I am running some experiments in which I plot the values of some variable y (averaged over 4 runs) against some independent variable x. I also compare the effect of z. In other words:

  • horizontal axis: x
  • vertical axis: y
  • plots: one line for each value of z

I would like to know if there are any best practices or rules of thumb to decide whether my error bars should reflect (a) min-max values, or (b) standard deviations. What characteristics of the data set should lead me to prefer one over the other?

Some things that I think might be relevant:

  • The raw values of y are integers bounded between 0 and 60.
  • I can only perform a small number (e.g. 4-5) replications due to the time cost of generating each raw data point.
  • There can be some pretty wild fluctuations, e.g. y could be in the high 50's for 3 of the runs, but 20 in the last one.
  • The data does not follow any model
  • 4
    $\begingroup$ I don't think this decision should only be based on the characteristics of the data set but also what you want to communicate, along with the expectations of your audience. Error bars based on standard errors of the mean are very common, raw standard deviations less common, and ranges less common still (if you're inclined toward ranges, you might consider boxplots). But with only 4-5 values, why not simply indicate all four or five values? -- Do you have any sample data available? $\endgroup$ – Glen_b Jun 18 '13 at 2:37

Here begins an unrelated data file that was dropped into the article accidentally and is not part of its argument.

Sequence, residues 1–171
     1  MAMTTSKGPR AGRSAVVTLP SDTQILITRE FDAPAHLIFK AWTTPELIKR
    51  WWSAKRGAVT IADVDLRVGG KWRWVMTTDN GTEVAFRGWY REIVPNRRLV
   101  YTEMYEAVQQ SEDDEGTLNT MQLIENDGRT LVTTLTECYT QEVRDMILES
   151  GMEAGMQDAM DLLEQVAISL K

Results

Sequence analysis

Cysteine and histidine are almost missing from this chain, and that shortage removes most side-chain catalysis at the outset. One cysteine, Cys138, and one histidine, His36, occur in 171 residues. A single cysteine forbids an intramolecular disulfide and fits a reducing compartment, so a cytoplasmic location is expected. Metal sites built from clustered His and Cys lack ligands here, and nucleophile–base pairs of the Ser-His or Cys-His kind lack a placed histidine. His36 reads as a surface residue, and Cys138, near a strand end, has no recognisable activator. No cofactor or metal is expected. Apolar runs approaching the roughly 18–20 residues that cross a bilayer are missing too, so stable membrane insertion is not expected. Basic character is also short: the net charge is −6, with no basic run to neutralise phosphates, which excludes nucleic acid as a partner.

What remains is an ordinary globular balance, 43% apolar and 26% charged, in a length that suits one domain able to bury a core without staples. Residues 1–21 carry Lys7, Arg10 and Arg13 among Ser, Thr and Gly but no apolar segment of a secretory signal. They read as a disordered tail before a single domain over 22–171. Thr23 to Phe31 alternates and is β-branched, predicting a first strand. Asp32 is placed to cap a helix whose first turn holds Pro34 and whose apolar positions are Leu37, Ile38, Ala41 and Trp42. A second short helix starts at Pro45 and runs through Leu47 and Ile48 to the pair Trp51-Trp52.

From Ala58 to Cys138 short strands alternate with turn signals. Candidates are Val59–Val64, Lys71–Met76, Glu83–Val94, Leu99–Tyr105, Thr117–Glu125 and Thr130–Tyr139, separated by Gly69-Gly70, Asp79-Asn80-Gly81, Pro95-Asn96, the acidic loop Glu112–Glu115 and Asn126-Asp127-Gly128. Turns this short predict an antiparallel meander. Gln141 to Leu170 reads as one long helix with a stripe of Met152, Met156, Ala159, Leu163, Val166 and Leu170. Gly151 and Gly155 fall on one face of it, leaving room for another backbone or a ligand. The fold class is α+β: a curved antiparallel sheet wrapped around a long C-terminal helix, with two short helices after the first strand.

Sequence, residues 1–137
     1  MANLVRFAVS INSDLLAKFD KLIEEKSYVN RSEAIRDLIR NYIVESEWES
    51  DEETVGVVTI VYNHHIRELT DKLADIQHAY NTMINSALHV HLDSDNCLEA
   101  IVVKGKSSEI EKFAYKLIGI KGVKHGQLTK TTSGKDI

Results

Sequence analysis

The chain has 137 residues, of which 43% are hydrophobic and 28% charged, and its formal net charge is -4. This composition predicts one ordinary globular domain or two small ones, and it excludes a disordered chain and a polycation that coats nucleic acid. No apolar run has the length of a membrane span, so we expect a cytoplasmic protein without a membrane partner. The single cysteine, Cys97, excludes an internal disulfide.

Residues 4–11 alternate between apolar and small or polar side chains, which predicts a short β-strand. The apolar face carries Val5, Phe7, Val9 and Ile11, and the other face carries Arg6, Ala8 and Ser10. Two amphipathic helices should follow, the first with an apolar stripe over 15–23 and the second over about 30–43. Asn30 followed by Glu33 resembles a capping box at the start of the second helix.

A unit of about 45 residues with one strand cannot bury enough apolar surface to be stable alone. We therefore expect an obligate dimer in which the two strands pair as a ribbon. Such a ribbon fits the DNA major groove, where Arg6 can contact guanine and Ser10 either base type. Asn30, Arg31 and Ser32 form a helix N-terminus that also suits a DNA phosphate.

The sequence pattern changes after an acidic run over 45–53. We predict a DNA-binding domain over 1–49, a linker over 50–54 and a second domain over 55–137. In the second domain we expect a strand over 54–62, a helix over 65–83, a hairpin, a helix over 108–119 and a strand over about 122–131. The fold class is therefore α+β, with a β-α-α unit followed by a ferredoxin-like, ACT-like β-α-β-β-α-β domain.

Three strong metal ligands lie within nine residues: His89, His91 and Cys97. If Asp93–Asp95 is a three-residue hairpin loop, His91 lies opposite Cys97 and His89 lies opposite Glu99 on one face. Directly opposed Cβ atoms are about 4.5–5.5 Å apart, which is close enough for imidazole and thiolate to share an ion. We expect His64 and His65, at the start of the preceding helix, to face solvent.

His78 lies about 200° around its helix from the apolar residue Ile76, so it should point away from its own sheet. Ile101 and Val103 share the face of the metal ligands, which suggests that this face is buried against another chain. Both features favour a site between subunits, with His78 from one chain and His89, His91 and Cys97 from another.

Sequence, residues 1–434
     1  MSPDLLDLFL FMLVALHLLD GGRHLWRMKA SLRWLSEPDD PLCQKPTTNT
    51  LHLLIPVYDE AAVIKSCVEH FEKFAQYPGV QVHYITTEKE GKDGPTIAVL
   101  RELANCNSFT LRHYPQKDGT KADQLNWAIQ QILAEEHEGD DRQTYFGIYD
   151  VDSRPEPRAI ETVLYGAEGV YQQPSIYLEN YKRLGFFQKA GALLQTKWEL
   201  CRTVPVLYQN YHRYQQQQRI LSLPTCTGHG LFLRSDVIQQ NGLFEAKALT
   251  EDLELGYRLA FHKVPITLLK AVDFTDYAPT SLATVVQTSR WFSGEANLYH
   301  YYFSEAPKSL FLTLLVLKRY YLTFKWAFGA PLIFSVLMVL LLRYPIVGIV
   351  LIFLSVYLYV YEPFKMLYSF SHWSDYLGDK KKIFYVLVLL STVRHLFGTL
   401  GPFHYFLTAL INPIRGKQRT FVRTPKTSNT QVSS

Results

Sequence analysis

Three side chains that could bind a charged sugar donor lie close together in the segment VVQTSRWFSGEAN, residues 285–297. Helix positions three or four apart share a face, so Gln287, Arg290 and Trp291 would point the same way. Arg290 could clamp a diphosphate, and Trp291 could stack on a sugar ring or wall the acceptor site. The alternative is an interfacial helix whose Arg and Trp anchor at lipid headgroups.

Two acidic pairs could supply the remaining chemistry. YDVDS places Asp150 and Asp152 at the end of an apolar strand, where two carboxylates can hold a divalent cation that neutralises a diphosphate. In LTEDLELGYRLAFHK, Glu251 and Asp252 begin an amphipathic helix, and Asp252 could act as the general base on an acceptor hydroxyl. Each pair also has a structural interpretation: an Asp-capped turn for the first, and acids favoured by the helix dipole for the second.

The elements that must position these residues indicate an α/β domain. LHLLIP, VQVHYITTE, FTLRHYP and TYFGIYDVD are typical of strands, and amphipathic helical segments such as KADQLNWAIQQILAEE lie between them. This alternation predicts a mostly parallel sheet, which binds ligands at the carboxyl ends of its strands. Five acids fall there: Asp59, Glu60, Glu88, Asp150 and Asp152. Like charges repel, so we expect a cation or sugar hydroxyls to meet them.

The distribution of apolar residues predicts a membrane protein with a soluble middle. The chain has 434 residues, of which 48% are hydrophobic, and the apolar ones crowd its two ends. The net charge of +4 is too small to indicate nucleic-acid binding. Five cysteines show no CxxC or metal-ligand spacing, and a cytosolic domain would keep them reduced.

• 1
    $\begingroup$ I agree with Glen_b - if the number of data points is small then just show all of them without error bars. On the more general question of what error bars should represent, my preference is for them to show a 95% confidence interval. But whatever you do, make sure you make it clear what the bars indicate, because a lot of people don't. $\endgroup$ – markseeto Jun 18 '13 at 2:59
  • $\begingroup$ @Glen_b Showing all the values would certainly be simpler, except that I am already also showing the effect of another variable z, which has 4-5 values of its own (so the horizontal axis is x, the vertical axis is y, and each plot is for a value of z). In this case, I'd end up with ~20 values. Sorry, I should have mentioned that earlier - I'll edit the question. $\endgroup$ – maditya Jun 18 '13 at 3:38

Your Answer

By clicking “Post Your Answer”, you agree to our terms of service, privacy policy and cookie policy

Browse other questions tagged or ask your own question.